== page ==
The Candy Shop Presents a Rare Euphyllia

dscf0989-2 Over the years, one type of coral has become a staple in many aquaria, lending a flowing presence and a surprising array of color, but it is a rare occasion two species of the same genus combine to create a truly unique specimen. Hailing from Indonesian waters, and known affectionately in the hobby as a “Frammer,” the distinctive combination of both Euphyllia divisa and Euphyllia ancora offer owners both the nodular protrusions of a frogspawn and the beveled tentacles of a “hammer” (ancora) Euphyllia.… More:

Algae Saves Coral from Crown of Thorns

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A paper published recently has shed some light into the battle against the Crown of Thorns sea star. “You don’t have to see the crown-of-thorns to know they have been on the reef. You can see where they have been because they leave trails of bleached white coral. All they leave behind are the coral skeletons,” says Cody Clements, a Georgia Tech graduate student in Hay’s lab and the paper’s lead author. The Crown of Thorns has been a thorn in the side of reef management for quite some time now, and methods to eradicate the menace have been largely unsuccessful, but this two-year study will allow management teams to incorporate the roles of seaweed into their plans to battle the onslaught of these sea stars.… More:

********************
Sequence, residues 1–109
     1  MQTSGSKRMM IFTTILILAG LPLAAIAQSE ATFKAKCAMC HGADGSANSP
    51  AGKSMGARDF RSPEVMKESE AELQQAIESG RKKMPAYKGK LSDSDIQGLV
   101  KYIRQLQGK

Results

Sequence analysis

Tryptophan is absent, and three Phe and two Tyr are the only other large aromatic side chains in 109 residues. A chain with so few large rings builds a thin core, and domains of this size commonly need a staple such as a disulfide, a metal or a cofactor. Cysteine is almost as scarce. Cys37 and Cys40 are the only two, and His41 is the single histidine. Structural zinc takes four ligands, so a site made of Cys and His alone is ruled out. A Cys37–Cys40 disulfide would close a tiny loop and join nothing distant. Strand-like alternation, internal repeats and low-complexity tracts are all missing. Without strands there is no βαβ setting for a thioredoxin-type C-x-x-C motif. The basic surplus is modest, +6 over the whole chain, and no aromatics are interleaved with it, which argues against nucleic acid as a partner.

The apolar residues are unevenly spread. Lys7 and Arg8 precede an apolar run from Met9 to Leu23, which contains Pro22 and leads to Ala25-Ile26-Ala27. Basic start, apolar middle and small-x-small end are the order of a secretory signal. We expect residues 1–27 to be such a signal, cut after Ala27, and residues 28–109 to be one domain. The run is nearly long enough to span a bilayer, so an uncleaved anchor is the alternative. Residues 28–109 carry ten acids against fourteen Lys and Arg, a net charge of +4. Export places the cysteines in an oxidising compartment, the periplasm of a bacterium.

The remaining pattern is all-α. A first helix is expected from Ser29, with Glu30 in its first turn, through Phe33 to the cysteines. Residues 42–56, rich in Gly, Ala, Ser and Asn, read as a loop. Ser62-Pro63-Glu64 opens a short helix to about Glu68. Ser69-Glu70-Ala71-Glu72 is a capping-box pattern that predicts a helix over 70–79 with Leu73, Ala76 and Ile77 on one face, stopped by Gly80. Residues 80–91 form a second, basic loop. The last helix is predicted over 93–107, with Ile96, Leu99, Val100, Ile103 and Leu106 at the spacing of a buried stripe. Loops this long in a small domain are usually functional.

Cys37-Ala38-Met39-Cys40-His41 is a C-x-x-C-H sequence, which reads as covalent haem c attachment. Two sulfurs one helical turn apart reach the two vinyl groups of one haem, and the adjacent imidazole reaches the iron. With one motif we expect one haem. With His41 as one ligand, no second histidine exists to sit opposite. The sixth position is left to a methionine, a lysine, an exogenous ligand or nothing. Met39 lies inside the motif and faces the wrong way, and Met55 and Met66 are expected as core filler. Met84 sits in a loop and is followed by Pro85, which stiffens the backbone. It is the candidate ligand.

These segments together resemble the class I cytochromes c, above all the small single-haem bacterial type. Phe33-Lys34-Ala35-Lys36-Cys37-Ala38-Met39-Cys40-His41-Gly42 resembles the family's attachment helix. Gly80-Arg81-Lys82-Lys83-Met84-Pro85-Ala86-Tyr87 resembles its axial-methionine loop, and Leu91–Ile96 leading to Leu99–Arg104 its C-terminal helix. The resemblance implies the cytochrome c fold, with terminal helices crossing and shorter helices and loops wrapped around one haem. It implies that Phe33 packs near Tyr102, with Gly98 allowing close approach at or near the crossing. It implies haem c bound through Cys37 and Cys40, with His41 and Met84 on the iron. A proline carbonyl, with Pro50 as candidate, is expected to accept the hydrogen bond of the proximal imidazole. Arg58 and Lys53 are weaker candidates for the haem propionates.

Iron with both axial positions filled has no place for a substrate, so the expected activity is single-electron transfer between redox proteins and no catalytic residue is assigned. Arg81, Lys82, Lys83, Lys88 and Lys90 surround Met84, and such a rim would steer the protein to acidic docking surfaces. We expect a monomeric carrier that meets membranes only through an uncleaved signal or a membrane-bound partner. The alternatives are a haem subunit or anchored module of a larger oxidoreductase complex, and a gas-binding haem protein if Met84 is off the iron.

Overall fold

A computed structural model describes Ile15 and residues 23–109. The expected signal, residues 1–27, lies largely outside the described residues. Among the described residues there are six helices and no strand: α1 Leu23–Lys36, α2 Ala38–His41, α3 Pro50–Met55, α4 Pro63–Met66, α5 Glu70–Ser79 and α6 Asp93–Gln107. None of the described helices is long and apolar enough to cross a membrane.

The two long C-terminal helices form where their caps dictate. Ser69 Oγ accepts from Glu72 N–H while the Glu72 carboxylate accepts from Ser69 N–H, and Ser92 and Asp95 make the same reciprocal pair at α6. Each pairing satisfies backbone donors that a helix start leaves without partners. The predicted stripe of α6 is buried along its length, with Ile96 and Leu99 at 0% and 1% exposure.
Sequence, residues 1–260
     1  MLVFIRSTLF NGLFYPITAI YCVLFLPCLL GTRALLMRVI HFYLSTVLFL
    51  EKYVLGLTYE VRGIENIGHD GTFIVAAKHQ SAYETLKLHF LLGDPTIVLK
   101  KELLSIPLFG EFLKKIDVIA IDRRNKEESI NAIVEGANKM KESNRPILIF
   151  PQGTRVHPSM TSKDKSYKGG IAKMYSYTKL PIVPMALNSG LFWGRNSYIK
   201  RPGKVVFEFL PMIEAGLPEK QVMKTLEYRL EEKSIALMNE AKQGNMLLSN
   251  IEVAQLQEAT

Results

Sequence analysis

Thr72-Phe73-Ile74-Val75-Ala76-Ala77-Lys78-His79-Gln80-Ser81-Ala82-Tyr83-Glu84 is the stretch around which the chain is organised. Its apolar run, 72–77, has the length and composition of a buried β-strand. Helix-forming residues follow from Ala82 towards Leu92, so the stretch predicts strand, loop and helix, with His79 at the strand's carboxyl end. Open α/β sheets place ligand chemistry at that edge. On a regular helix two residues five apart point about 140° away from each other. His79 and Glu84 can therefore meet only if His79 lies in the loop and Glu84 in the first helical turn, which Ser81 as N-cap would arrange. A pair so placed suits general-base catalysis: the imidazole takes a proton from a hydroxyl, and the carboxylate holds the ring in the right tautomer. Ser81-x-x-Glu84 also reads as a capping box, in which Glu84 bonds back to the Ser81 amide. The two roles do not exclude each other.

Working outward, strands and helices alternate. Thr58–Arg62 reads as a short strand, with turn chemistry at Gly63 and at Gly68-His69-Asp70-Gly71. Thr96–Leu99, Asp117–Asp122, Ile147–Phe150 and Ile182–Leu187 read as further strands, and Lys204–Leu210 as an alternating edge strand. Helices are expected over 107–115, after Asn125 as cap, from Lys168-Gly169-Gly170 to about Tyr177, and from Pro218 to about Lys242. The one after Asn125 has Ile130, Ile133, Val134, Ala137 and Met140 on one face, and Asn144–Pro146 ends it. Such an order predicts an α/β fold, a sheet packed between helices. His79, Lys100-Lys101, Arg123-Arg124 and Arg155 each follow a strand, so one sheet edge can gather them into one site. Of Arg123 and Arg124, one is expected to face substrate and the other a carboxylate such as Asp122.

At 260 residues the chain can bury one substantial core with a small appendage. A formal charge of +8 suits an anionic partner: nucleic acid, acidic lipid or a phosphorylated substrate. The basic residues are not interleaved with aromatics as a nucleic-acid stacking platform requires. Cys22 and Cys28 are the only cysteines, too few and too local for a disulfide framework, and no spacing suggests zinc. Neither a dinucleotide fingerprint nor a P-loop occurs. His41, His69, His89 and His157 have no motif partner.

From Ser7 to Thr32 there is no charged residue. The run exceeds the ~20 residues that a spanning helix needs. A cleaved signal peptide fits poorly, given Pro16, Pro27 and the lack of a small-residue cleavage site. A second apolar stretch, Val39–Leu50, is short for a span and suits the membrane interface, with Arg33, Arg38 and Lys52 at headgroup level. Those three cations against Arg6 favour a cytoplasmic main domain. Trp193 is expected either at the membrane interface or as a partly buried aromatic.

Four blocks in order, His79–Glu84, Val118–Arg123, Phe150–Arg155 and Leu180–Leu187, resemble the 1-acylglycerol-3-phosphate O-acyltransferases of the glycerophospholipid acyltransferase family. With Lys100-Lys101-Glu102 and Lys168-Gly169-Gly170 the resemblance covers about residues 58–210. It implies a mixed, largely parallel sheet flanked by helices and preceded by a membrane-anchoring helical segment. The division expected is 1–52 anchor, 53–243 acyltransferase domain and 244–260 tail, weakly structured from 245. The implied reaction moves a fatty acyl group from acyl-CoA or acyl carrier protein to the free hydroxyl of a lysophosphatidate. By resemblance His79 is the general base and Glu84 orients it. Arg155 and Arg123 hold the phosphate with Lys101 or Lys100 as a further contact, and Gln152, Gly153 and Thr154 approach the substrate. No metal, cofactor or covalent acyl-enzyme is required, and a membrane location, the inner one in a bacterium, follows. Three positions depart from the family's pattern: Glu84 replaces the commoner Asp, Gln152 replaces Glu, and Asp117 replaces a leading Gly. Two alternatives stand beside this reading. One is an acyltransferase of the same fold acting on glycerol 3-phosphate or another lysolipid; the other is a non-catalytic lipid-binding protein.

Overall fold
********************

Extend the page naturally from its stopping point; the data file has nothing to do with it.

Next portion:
Sunscreen and Its Effects Upon Coral Reefs

A team of international researchers including professor and diver John Fauth from the University of Southern Florida have battled the sun in a study where they measured the devestating effects of a compound found in commercial Sunscreen, upon coral reefs. “The use of oxybenzone-containing products  needs to be seriously deliberated in islands and areas where coral reef conservation is a critical issue,” Downs said. “We have lost at least 80 percent of the coral reefs in the Caribbean. Any small effort to reduce oxybenzone pollution could mean that a coral reef survives a long, hot summer, or that a degraded area recovers. Everyone wants to build coral nurseries for reef restoration, but this will achieve little if the factors that originally killed off the reef remain or intensify in the environment.”  john-fauth2-548x365Laboratory experiments that exposed coral larvae and cells to increased saturated levels of oxybenzone and conclude both genetic and physical damage was done to both. Larvae exposed to levels similar to those detected in samples collected around reefs were were trapped in their own skeletons, unable to disperse into the water column. The DNA of coral cells was also inhibited or completely destroyed by Oxybenzone causing an an increase in bleaching frequency in seven different types of coral. The team concluded that: “Oxybenzone poses a hazard to coral reef conservation, and threatens the resiliency of coral reefs to climate change.” And that instead of lathering up the lotion we should “Wear rash guards or scuba wetsuits and skip all the hygienic products when you go diving,” added Fauth. “If we could do it for a week at a time, people can certainly forgo it for a few hours to help protect these reefs for our children and their children to see.” Read the abstract and purchase the paper here!… More: